return bundle.id === language || bundle.aliases?.includes(language);
  });
  if (bundles.length > 0) {
    await highlighter.loadLanguage(language)
  } else {
    // Do some error handling or default to another language or...
  }
}

// Check for the loaded themes, and load the theme if it's not loaded yet.
if (!highlighter.getLoadedThemes().includes(newTheme)) {
  // Check if the theme is supported by Shiki
  if (BUNDLED_THEMES.includes(newTheme) {
    await highlighter.loadTheme(newTheme)
  } else {
    // Do some error handling or default to another theme or...
  }
}

const output = highlighter.codeToHtml(code, { lang: language, theme: newTheme })

Specify a custom root directory

You can specify a custom root directory for your languages and themes. This is useful if you want to use Shiki in a browser environment and want to specify a different host (and/or path), or if you want to specify a dedicated directory structure for the current host.

If used, setCDN must be invoked before getHighlighter is called. You won't have to use setCDN if you use the pre-built packages on unpkg or jsDelivr.

Set a custom root path:

import { getHighlighter, setCDN } from 'shiki'

// Assets will be loaded from the host root + asset path, for example `/assets/shiki/languages/'
setCDN('/assets/shiki/')

const highlighter = await getHighlighter({
  theme: 'nord',
  langs: ['javascript', 'python']
})

Set a custom host and root path:

import { getHighlighter, setCDN } from 'shiki'

// Assets will be loaded from remote host + asset path, for example `https://your.cdn.com/your/path/languages/`
setCDN('https://your.cdn.com/your/path/')

const highlighter = await getHighlighter({
  theme: 'nord',
  langs: ['javascript', 'python']
})

Set a custom root path and a custom asset path:

import { getHighlighter, setCDN } from 'shiki'

setCDN('/assets/shiki/')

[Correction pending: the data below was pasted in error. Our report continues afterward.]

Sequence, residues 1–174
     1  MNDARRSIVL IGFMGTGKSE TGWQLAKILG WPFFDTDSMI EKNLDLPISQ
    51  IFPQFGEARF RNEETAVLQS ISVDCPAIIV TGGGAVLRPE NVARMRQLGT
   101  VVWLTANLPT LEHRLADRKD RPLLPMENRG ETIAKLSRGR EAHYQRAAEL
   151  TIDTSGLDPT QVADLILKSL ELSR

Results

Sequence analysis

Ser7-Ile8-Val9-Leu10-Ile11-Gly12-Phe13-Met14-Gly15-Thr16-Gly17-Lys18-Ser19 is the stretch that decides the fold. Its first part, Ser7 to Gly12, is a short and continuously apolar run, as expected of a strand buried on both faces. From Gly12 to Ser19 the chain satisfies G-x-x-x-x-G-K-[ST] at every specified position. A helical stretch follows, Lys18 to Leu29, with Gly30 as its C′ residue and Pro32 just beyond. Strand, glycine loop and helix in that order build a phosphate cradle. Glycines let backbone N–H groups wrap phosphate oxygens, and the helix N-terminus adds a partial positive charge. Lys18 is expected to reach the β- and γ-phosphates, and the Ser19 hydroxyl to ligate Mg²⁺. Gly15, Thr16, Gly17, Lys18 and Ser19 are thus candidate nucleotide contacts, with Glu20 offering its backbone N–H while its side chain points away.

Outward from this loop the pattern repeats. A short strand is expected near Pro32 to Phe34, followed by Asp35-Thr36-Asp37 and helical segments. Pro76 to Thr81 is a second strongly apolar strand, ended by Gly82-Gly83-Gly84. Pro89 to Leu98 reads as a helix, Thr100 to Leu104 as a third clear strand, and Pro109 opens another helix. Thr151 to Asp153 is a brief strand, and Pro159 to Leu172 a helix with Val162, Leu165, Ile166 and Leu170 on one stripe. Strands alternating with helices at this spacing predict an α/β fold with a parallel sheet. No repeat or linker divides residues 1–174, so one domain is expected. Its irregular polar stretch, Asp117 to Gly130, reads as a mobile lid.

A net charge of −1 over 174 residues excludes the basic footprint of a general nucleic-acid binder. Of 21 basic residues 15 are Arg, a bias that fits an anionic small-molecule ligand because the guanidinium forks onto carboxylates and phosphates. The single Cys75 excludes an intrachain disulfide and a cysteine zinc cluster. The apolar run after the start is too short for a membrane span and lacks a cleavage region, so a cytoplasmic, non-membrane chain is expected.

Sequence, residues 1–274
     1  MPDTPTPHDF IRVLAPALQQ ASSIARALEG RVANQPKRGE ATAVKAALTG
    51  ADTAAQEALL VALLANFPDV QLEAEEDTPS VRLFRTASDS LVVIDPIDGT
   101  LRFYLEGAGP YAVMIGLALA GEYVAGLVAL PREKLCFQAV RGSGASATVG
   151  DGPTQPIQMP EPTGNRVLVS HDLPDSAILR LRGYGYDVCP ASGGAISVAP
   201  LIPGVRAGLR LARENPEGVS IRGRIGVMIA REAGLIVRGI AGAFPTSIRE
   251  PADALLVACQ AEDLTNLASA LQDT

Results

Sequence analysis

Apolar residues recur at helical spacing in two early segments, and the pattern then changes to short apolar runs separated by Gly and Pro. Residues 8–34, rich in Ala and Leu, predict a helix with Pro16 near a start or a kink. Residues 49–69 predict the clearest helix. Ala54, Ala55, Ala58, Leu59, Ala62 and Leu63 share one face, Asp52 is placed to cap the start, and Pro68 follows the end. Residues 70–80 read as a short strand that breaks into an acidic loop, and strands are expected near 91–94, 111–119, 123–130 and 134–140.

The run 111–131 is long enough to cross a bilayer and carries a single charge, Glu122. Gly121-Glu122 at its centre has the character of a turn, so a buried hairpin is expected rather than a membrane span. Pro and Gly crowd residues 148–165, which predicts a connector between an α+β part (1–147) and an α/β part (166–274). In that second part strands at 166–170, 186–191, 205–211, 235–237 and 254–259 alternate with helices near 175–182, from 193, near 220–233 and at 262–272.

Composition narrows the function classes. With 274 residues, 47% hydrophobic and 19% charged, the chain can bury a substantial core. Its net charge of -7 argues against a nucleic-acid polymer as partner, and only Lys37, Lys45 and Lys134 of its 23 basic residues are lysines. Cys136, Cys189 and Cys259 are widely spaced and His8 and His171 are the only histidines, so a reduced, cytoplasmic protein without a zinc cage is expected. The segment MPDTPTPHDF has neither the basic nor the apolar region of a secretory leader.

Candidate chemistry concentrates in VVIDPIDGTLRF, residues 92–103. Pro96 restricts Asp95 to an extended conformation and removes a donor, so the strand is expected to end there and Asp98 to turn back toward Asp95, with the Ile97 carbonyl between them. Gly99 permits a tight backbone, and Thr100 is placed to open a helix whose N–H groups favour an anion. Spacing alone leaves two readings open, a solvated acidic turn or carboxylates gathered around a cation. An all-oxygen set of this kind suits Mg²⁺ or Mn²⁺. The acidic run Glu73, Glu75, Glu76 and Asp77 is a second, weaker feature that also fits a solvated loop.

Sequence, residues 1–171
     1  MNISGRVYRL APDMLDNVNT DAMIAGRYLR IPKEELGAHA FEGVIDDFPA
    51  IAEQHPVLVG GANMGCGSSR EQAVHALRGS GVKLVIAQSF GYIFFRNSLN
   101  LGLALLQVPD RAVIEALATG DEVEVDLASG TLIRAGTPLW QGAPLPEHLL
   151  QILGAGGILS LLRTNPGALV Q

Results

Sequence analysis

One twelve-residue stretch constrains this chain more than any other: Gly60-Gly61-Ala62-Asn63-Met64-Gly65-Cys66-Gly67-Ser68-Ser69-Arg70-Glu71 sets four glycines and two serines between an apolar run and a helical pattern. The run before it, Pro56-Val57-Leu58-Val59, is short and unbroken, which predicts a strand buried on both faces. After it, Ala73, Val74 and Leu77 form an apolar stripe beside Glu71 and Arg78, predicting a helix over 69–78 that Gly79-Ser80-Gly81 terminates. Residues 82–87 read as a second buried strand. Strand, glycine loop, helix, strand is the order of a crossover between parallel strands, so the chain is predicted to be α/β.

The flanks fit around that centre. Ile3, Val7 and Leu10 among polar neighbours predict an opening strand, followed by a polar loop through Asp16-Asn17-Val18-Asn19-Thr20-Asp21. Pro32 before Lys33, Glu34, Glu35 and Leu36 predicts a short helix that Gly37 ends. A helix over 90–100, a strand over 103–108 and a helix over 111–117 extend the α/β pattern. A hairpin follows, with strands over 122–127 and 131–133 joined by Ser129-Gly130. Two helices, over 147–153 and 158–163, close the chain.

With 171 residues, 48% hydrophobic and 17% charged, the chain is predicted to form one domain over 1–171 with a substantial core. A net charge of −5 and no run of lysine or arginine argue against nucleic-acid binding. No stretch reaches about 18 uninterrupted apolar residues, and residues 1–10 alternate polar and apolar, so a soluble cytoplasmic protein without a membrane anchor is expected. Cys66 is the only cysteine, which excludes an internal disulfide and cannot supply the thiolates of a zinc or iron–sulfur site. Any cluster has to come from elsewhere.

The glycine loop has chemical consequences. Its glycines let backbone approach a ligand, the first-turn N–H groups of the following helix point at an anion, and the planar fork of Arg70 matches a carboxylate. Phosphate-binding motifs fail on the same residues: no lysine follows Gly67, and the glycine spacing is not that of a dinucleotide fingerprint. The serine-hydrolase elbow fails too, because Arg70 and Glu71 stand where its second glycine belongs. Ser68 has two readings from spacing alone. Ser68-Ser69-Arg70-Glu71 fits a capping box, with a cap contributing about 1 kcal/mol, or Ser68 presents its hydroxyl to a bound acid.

// Languages will be loaded from `/assets/shiki/imported/` instead of `/languages/`.
// Themes will be loaded from `/assets/shiki/themes/` (as their default is not overridden).

const highlighter = await getHighlighter({
  theme: 'nord',
  langs: ['javascript', 'python']
  paths: {
    languages: 'imported/',
  }
})

Specify how to load WebAssembly

Shiki makes use of VS Code Oniguruma for tokenization (see Shiki's Architecture for more information). Oniguruma is written in C and compiled to WebAssembly. Which means that the WebAssembly file needs to be loaded.

For Node.js environments the WASM file is automatically loaded, for browser environments you can specify how to load the WASM file.

If used, setWASM must be invoked before getHighlighter is called.

If you make use of a reverse proxy like nginx or traefik you may have to specify in its configuration the MIME type for wasm files.

Use the default loader: (applies to Node.js and browser environments)

import { getHighlighter } from 'shiki'

// With the default settings, the WASM file will be loaded from `/dist/´.
const highlighter = await getHighlighter({
  theme: 'nord',
  langs: ['javascript', 'python']
})

Use the default loader, and override the default path for the WASM file:

import { getHighlighter } from 'shiki'

const highlighter = await getHighlighter({
  theme: 'nord',
  langs: ['javascript', 'python'],
  paths: {
    wasm: 'your/path/' // If you use `setCDN`, this path will be relative to the CDN root.
  }
})

Load the WASM file yourself, and provide a Response object:

import { getHighlighter, setWasm } from 'shiki'

// It is recommended to use a Response object. Oniguruma will then use WebAssembly.instantiateStreaming(), which